Donald Bucklin: E-cigarettes an effort to hook new generation of smokers

About a year ago, I was surprised to find out from my daughter that hookah pens were all the rage among the high school crowd.

If you are, like I was, among the uninitiated, this is a device of roughly cigarette proportions that contains a battery, a tiny vaporizer, something to vaporize, and a button to make it go.

Most commonly that “something” is propylene glycol and nicotine. Press a button and you can inhale a smoke-like vapor that contains nicotine or a few other drugs for the more adventuresome. Since nothing is burning, you are not technically smoking, and the smoke-free laws are therefore neatly sidestepped. Yet all the while people are getting a very smoking-like experience. Clever little device, huh.

E-cigarettes/hookah pens are kind of a half-full/half-empty sort of thing. The industry likes to take the high road. It wants you to believe that if you are a two- or three-pack-a-day smoker, and you switch to e-cigarettes as a substitution, you are better off.

And why wouldn’t you be? There’s no tar, no carbon monoxide and no 400-plus chemicals released from burning tobacco. You won’t burn the house down, and there is only one thing to worry about – nicotine!

The e-cigarette competes for these presumably soon-to-be ex-smokers with nicotine gum, patches, Chantix, antidepressants, hypnotism, will power and tracheostomy. There is no great evidence that these devices help people quit smoking – but they might. With fewer and fewer smokers, this doesn’t seem like a strong business model for growth.

So what is the e-cigarette industry actually betting on?

The Centers for Disease Control and Prevention’s 2012 National Youth Tobacco Survey gives us a clue. A few of our tax dollars keep track of smoking rates in young people. That seems prudent, given the negative long-term health consequences of smoking. Looking at students from grades 6 through 12, e-cigarette use more than doubled from 2011 to 2012, going from 3.3 percent that had tried it to 6.8 percent. Of the 2.1 percent who were currently e-cigarette users, 75 percent also smoked regular cigarettes, with their 400-plus chemicals that require a match.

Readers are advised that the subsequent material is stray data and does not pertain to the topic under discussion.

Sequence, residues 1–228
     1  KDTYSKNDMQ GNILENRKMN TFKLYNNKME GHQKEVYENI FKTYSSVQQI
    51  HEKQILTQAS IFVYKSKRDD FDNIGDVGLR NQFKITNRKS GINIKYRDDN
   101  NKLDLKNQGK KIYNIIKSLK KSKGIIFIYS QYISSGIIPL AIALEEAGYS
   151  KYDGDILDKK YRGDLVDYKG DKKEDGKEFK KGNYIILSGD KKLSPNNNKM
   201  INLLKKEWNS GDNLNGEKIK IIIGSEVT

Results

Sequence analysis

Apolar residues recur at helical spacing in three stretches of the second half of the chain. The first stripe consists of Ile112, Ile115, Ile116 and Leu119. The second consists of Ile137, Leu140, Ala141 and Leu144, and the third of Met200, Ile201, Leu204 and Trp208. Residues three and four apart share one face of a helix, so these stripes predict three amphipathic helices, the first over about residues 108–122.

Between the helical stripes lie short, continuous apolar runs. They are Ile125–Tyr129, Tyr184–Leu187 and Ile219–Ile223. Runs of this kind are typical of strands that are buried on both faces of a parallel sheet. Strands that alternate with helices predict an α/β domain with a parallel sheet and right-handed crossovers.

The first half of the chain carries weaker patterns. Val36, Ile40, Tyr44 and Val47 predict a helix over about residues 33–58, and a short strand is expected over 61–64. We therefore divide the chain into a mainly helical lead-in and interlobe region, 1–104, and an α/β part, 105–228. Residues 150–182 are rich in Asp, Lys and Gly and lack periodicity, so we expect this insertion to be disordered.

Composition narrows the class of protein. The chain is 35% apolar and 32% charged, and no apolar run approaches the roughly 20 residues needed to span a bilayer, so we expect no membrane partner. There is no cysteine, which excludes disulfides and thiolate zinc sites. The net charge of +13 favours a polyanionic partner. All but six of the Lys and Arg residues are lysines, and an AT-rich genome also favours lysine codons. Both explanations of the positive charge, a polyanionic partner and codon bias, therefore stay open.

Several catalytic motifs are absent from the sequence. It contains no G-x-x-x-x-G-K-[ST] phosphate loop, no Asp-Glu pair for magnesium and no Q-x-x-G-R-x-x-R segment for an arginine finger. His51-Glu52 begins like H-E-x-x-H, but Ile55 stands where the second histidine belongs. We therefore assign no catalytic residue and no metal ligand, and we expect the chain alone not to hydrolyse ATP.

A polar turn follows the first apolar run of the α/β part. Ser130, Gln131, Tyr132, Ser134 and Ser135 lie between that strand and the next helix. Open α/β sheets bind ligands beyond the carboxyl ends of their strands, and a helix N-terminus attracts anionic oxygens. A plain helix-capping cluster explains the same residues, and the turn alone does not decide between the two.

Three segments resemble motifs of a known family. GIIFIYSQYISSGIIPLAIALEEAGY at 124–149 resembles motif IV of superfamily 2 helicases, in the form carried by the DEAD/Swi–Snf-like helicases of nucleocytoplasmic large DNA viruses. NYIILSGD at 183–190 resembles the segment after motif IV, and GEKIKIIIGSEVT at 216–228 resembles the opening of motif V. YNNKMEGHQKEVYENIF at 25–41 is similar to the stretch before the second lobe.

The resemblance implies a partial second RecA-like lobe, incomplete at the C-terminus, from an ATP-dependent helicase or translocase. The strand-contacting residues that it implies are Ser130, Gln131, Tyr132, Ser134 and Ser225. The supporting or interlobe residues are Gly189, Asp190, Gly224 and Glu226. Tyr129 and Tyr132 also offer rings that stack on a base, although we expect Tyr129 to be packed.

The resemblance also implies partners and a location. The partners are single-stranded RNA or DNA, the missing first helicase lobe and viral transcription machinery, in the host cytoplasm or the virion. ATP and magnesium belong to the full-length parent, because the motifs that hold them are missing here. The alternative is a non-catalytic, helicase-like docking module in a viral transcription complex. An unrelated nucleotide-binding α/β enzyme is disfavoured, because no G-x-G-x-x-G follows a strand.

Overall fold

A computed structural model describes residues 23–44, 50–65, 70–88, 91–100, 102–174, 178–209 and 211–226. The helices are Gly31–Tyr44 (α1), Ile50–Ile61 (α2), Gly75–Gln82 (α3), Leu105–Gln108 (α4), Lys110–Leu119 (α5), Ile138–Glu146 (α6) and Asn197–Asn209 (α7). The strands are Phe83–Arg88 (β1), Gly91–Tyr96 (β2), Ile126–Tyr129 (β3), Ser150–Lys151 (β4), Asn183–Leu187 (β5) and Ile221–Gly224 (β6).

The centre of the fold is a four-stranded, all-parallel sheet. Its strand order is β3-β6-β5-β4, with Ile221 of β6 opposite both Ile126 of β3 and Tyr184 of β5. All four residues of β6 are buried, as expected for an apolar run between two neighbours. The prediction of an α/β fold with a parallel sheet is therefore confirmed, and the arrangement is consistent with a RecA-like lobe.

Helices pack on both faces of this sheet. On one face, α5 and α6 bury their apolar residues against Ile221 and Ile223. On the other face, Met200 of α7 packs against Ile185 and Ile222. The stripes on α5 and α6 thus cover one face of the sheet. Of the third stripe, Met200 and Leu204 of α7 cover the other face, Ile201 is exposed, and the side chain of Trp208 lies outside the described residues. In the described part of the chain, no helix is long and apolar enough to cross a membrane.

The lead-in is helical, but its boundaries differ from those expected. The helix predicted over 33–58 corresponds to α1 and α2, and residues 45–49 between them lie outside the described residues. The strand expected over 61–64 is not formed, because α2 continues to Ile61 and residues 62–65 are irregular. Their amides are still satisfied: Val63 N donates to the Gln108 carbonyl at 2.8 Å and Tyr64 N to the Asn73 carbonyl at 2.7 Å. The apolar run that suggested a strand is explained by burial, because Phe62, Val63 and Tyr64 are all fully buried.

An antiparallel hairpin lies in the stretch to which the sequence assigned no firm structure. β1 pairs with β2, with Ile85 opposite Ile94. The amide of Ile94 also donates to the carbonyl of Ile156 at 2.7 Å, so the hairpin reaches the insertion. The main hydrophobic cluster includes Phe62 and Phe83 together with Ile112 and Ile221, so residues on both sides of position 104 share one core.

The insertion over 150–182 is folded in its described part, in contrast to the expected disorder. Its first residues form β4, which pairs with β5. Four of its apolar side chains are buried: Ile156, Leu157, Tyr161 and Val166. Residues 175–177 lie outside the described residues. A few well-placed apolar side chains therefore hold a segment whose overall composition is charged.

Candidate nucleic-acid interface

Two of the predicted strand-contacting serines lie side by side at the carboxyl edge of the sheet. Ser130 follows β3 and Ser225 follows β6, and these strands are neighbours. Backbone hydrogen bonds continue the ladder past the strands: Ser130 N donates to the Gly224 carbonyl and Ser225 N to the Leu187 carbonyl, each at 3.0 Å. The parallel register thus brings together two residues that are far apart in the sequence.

Small percentages doubling in a year’s time doesn’t sound like much, but there are a lot of kids in school – about 15 million in high school alone. A little math works out to over a million high school students who are, or have become, e-cigarette customers – most of whom also smoke regular cigarettes.

If the trend continues with hookah pens, next year there will be 2 million, and before long, a new generation of smokers. Does the expression “gateway drug” come to mind?

Are hookah pens the latest version of Joe Camel? Are they wrapped in purple paper and sold at “head shops” to attract adult smokers or teens? Interestingly, when one of the largest university systems in the world – the University of California – decided to ban smoking on all its campuses effective Jan. 1, it included e-cigarettes in the ban. The California State University system is considering a similar ban.

We have made great progress in the last two decades to reduce smoking. In many areas, smoking is so rare that it’s actually startling to see someone lighting one up.

Let’s not fool ourselves that these cute “personal vaporizers” are out there to get 60-year-old smokers to quit. The real purpose is getting 16-year-olds to start.